Virtue Comes to Video Games
VALLEY FORGE, Pa.—For families worried about what to do about violence in the media, a knight in bright armor has arrived.
The knight is the protagonist of “Saints of Virtue,” a new, fast-paced Catholic video game that aims to give Nintendo a run for the money. The game's cyberhero passes through castle corridors, wages battle with bad guys like pride and envy, and outmaneuvers temptations to become a saint of virtue.
Whether he wins or loses, he might turn out to be a success with video-gamers — if the reaction of teen-agers at the Catholic Marketing Network trade show is any indication.
The fourth annual trade show, held June 8–11, attracted more than 1,000 retailers, marketers and suppliers to the Valley Forge Convention Center outside Philadelphia.
Among the 262 company booths were displays of toys and other games for children and families (see related story). “Saints of Virtue” was unique as the only animated, fast-action video game exhibited. Its producer, Virginia-based Cactus Game Design Inc., extols it as a healthy alternative to the lowbrow fare that floods the mainstream market.
“According to the Catholic Marketing Network 1999 survey of Catholic stores,” said Rob Anderson, president of Cactus Game, “less than 7% of all sales are to customers under 21 years of age. That's tragic. If we're not drawing teens in, producing games that are exciting and fun for them, then we're conceding ground to the enemy.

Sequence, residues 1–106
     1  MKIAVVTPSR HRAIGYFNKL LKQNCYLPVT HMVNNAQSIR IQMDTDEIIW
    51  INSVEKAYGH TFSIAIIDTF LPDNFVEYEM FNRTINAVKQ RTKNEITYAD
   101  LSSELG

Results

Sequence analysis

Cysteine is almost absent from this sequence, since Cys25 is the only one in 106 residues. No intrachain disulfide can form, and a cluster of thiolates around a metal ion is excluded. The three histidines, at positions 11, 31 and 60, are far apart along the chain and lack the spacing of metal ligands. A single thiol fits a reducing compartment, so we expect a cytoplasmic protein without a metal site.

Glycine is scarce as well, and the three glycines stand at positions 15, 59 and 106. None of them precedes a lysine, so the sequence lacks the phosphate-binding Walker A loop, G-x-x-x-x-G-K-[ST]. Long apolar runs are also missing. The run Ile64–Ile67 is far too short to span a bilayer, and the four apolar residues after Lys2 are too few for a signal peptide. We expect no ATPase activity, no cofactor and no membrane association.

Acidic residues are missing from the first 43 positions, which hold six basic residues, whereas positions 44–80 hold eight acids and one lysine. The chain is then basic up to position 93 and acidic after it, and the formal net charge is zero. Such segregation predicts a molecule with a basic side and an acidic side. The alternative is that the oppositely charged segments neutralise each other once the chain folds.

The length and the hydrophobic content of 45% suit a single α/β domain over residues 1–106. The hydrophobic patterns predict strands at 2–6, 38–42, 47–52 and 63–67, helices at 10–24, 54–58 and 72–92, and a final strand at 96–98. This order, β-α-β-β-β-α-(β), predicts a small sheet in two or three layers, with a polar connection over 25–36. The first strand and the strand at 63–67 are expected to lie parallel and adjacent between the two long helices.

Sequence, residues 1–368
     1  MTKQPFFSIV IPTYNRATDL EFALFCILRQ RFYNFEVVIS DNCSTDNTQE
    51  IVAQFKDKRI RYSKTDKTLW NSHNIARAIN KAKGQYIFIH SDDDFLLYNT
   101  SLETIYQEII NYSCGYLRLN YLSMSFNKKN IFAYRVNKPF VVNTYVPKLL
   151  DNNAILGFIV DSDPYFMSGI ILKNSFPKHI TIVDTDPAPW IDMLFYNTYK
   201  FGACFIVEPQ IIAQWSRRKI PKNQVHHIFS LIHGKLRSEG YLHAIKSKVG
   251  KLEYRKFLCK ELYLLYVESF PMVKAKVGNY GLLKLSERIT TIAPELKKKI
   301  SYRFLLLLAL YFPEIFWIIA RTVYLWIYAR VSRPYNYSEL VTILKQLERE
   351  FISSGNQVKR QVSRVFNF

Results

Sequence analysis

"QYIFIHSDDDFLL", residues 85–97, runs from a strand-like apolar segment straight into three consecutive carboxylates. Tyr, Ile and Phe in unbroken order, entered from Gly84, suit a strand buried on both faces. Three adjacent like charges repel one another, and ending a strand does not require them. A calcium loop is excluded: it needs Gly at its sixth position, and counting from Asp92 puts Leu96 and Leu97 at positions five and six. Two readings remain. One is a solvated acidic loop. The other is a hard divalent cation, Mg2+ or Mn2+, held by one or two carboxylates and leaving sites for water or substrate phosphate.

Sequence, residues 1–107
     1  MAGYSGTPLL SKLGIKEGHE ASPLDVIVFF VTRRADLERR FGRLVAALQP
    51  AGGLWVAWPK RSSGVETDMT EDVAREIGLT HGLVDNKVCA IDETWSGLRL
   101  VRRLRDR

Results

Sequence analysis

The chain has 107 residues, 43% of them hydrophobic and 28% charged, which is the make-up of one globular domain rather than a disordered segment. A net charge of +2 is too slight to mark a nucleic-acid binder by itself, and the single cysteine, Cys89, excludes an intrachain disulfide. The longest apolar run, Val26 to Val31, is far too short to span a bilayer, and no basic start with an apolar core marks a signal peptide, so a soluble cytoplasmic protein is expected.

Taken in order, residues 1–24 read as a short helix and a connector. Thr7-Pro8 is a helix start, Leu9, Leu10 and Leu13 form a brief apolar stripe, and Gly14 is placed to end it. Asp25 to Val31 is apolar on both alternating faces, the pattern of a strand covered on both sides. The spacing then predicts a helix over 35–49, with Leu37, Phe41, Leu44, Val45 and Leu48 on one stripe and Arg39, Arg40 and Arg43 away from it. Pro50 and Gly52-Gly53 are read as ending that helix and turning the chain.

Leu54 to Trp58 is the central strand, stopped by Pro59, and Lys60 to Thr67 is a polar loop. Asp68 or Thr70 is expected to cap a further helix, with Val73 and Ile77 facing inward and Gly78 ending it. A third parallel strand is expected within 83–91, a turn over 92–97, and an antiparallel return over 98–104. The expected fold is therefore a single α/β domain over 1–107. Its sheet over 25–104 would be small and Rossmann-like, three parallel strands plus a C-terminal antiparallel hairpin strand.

“People don't realize how dark and horrific many popular secular games are today. Many of them are violent and cult-based. The Christian market needs to be producing games that teens want to buy for themselves, to counteract what's already out there.”
Anderson is confident that “Saints of Virtue” exemplifies the kind of game teens seek out for themselves. The proof is that teenagers were glued to the screen throughout the show, and kept coming back for more.
For younger children, Andre Kalich, owner of Pennsylvania-based Train Up A Child Inc., introduced new Bible Action Figures.
“Retailers are delighted and surprised to discover our booth,” he said. “They keep saying what a great idea these figures are, because they know kids will really get excited about them.”
His crafted plastic figures have movable parts, a scenery backdrop depicting a scene from the character's life, and biblical references about the figure's role in Scripture. The backdrop accompanying each figure can be placed side by side with those of other figures, creating an entire panorama passing from sunrise to sunset.
Another children's item, plush teddy bears that recite favorite Catholic prayers in real children's voices, made its debut. Blue Bell Bear founder Elaine Thompson was on hand to talk with retailers.
More Than Games
But the more than 800 attendees, representing 279 retail stores, had more than games and toys to consider at the trade show. Other exhibitors offered statuaries, popular and classical Catholic music, books, rosaries, medals, crucifixes, olive wood products, night lights, calligraphied verse, magazines, videos, audiotapes and artwork.